9 Best Museums in Berlin

The German capital is awash in amazing museums and you should carve out some time to visit these nine spots.

Berlin is the capital of the 20th century. And nothing better captures that than its museums, which are deep in Nazi and Cold War history. But beyond that, there are incredible museums dedicated to antiquity and priceless art too. You could spend a week here just going to museums every day. But let us save you some time. Here are the nine best.

Click here to view an interactive Google Maps list of the best museums in Berlin, Germany.

Berlinische Galerie

Berliners love this place but it's a bit of a sleeper hit with visitors as they are pummeled with such great museums that this Kreuzberg art museum gets lost in the Berlin shuffle. The Berlinische features the work of Berlin artists, from avant-garde painters to sculptures to architects, and some of the striking work here will knock you off your feet.

Alte Jakob Strasse 124-128

Berlinische Galerie
Inside the Berlinische Galerie. Christian Marquardt/Getty

Berlin Museum of Medical History at the Charité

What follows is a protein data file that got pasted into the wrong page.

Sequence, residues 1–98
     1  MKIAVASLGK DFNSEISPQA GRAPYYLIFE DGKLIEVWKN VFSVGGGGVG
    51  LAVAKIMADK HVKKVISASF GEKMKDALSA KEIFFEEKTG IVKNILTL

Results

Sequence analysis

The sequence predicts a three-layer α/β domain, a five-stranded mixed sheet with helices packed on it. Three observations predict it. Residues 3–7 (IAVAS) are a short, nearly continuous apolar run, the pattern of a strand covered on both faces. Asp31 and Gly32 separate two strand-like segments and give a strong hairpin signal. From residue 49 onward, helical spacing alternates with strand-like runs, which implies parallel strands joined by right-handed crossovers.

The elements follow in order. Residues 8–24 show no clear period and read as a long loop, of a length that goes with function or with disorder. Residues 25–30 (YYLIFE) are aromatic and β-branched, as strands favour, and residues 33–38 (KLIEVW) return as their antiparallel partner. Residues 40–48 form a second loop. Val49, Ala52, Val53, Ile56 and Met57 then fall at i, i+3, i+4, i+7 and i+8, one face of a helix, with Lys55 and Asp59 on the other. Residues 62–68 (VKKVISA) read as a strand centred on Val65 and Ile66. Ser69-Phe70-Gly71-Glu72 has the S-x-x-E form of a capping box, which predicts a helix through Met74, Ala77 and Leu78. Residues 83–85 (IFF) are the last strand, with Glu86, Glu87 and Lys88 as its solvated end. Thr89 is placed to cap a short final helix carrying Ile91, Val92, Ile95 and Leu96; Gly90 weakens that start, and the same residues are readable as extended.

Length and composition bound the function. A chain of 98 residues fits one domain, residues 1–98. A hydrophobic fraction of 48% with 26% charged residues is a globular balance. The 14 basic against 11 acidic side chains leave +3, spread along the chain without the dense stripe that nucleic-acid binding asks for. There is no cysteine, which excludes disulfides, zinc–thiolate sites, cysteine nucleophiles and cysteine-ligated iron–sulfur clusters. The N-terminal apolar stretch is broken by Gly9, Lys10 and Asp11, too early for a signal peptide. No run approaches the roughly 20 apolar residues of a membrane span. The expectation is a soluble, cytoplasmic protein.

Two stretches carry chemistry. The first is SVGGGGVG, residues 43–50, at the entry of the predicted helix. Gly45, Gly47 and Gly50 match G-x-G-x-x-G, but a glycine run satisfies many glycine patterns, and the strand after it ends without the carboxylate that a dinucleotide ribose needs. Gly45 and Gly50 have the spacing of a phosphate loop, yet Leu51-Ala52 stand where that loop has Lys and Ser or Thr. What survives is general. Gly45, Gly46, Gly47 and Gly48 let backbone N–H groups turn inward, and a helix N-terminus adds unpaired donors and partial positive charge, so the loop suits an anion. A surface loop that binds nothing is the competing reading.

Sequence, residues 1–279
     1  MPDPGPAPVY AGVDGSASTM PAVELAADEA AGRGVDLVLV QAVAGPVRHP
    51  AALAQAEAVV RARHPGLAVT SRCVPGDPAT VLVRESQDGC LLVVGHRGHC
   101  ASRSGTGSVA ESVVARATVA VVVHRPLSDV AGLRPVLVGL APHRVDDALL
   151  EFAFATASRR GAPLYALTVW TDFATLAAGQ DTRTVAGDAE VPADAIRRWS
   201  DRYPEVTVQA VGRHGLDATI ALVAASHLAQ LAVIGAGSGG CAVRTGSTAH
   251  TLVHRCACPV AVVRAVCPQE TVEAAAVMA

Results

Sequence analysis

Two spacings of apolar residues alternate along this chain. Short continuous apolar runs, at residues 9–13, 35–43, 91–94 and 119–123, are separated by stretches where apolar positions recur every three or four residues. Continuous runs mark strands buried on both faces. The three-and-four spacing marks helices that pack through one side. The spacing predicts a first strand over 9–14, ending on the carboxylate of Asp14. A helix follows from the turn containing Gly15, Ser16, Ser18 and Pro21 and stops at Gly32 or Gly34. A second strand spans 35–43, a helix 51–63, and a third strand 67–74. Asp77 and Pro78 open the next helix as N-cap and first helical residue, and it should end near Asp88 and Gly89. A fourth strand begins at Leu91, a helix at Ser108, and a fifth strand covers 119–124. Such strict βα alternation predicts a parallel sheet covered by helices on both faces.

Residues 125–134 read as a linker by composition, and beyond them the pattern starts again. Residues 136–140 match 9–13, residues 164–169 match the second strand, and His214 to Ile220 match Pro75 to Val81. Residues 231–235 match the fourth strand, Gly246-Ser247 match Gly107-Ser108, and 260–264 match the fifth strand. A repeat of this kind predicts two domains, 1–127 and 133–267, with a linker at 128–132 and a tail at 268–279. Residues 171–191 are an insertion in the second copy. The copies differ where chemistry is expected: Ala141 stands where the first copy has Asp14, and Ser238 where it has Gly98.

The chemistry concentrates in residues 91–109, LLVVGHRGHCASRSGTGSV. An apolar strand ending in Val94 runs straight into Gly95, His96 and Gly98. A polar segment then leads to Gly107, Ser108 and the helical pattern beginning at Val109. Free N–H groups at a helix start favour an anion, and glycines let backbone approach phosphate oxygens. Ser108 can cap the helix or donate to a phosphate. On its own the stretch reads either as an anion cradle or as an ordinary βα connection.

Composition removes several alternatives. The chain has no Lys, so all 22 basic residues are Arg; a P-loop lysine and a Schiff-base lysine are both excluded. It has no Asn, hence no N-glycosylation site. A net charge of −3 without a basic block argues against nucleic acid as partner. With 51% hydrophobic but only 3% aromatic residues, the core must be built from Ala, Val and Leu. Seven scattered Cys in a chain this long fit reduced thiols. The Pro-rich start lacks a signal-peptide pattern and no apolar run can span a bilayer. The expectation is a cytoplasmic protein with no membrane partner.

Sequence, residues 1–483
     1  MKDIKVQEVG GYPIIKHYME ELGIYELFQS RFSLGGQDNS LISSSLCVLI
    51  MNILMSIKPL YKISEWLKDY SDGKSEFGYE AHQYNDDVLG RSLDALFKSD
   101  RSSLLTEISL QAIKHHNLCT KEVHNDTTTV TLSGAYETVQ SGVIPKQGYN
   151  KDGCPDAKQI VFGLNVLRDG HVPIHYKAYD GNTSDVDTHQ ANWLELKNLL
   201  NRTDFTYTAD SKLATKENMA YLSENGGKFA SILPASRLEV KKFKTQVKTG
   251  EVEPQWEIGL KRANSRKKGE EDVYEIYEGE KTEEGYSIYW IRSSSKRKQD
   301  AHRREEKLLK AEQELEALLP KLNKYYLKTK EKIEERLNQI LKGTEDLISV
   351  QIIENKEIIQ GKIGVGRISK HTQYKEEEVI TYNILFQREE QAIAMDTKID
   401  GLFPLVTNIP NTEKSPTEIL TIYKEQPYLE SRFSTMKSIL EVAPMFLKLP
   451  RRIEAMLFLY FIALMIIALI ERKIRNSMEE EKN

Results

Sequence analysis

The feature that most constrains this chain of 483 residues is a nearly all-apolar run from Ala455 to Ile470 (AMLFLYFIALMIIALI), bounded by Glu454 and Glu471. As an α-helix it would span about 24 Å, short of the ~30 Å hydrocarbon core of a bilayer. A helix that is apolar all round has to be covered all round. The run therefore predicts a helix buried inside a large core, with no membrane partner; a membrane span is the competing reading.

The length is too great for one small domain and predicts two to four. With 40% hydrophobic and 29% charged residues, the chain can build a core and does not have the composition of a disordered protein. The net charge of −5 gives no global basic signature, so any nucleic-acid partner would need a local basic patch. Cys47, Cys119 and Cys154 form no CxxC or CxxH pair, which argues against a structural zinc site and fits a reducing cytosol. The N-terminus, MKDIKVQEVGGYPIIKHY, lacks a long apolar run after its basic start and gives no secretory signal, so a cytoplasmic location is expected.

Ever since you arrived in Berlin you were hoping to see a real cyclops baby in a jar and perhaps long worm-like parasites that were pulled out of some unfortunate soul. Well, okay, maybe not. But once you ensconce yourself in this museum of medical oddities, you'll wonder what took you so long.

Charité Platz 1

Berlin Museum of Medical History at the Charité
This museum offers insights into the fascinating history of medicine over the last four centuries. Berlin Museum of Medical History at the Charité

DDR Museum

Set on the Spree River between Museum Island and Alexanderplatz, the museum dedicated to the nation formerly known as East Germany makes the history of East Germany's role in the Cold War very accessible to everyone. It helps that it's extremely interactive. You can sit in a Trabant and pretend you're driving through the streets of East Berlin via a TV screen in front of you. You can get a better sense of why East Germans were (and in some ways, still are) so fond of nudism (Pssst! it was the one thing the government couldn't regulate). You can see what a typical home kitchen was like under communism. And then you can eat East German specialties – if you dare – at the in-house eatery.

Karl-Liebknecht Strasse 1